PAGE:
Over the past two centuries, human population growth and development has substantially altered waterways the natural landscape's of North America. Once contiguous across the continent, many wetland and upland ecosystems have been reduced to mere remnants that are now being further degraded and diminished by invasive species. North America's Great Lakes, the Gulf of Mexico, and many major river basins have also been significantly impacted by non-native species invasions. These biological invasions have increased because of expanded global trade and its associated intentionally imported species or related biological hitchhikers. The resulting non-native species invasions exacerbate our ability to conserve what remains of North America's biological heritage, particularly on public conservation lands and waterways.
The North American Invasive Species Network (NAISN) is an American 501(c)3 non-profit organization that was formed in 2010 by university and government scientists from across North America. The countries of Mexico and Canada participate as NAISN members through a Memorandum of Understanding. Membership is targeted toward regional university centers and institutes, government institutions, non-profit organizations, research labs, and/or other groups and individuals with invasive species interests and qualifications that are valuable to the mission of NAISN. Because invasive species cross governmental jurisdictional boundary lines, NAISN aims to unify and connect existing regional invasive species efforts into a single network to improve communication, collaboration, and overall coordination to help current invasive species management and prevention efforts across the continent.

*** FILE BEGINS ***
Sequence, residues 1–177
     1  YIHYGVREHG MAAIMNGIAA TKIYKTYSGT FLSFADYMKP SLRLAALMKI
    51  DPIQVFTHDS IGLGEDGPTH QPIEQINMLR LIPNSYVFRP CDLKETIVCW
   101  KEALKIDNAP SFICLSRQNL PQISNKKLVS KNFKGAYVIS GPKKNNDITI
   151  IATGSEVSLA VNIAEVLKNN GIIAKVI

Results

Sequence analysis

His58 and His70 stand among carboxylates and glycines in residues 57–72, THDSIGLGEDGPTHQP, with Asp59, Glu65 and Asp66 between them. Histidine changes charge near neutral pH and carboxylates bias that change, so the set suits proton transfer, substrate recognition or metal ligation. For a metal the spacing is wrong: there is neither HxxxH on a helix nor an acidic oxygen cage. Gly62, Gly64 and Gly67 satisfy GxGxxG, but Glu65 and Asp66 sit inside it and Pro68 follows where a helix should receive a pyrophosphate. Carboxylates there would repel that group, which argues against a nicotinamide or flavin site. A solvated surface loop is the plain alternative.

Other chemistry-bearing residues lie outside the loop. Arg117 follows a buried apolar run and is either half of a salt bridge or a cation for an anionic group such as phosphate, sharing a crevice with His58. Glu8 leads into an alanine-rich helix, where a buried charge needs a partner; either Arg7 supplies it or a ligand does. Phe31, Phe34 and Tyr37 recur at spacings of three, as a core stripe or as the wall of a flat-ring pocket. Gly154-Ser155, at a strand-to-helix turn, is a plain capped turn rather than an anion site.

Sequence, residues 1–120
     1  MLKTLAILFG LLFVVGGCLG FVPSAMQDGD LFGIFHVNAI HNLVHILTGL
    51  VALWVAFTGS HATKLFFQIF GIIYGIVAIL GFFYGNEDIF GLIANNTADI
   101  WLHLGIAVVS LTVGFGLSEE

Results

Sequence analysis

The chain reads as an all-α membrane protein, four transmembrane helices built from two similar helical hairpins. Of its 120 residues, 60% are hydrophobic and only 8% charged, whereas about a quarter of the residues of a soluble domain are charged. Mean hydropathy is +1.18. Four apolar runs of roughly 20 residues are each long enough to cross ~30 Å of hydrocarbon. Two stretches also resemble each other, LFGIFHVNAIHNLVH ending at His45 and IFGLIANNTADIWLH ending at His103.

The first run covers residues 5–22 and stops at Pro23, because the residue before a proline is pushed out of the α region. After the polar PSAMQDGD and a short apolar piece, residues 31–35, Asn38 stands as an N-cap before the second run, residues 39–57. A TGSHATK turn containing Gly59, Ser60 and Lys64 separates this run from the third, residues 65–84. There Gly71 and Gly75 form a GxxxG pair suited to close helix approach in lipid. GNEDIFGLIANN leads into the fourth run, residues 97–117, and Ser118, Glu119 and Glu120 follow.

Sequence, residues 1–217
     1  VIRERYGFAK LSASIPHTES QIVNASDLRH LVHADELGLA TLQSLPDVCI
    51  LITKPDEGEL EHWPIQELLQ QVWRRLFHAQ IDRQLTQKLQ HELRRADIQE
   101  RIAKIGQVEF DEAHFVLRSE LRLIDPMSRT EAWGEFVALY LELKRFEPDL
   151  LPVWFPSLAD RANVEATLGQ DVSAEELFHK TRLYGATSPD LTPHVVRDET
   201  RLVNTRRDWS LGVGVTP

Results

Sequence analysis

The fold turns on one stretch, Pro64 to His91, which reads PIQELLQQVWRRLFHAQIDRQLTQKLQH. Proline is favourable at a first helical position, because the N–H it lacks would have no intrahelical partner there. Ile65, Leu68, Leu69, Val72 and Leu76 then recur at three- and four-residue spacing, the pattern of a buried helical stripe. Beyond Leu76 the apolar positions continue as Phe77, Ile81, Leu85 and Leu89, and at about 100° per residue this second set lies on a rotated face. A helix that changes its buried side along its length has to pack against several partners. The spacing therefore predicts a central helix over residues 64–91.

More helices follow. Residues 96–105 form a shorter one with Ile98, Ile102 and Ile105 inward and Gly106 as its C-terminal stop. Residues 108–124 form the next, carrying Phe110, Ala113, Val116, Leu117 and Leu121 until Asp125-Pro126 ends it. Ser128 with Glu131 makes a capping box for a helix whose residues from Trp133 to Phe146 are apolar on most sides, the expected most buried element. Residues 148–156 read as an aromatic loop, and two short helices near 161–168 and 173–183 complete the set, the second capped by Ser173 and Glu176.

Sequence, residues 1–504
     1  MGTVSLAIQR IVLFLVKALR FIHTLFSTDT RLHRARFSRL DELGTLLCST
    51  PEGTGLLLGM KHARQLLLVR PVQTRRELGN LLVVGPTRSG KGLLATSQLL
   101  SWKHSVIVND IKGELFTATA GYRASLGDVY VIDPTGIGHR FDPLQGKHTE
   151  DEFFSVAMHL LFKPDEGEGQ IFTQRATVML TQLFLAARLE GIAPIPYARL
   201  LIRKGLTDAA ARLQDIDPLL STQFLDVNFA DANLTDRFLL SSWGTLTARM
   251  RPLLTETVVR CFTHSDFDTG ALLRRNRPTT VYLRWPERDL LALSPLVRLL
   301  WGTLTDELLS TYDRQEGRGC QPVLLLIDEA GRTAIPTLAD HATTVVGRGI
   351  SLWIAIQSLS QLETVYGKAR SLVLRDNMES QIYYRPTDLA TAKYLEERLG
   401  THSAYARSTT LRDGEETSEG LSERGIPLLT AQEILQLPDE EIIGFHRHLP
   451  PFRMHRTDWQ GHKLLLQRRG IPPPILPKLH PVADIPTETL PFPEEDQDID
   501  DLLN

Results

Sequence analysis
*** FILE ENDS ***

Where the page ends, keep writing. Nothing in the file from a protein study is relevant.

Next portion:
NAISN membership is comprised of three categories:
As outlined in the Bylaws, NAISN is governed by a Board of Directors which includes an elected Chair, Secretary, and Treasurer.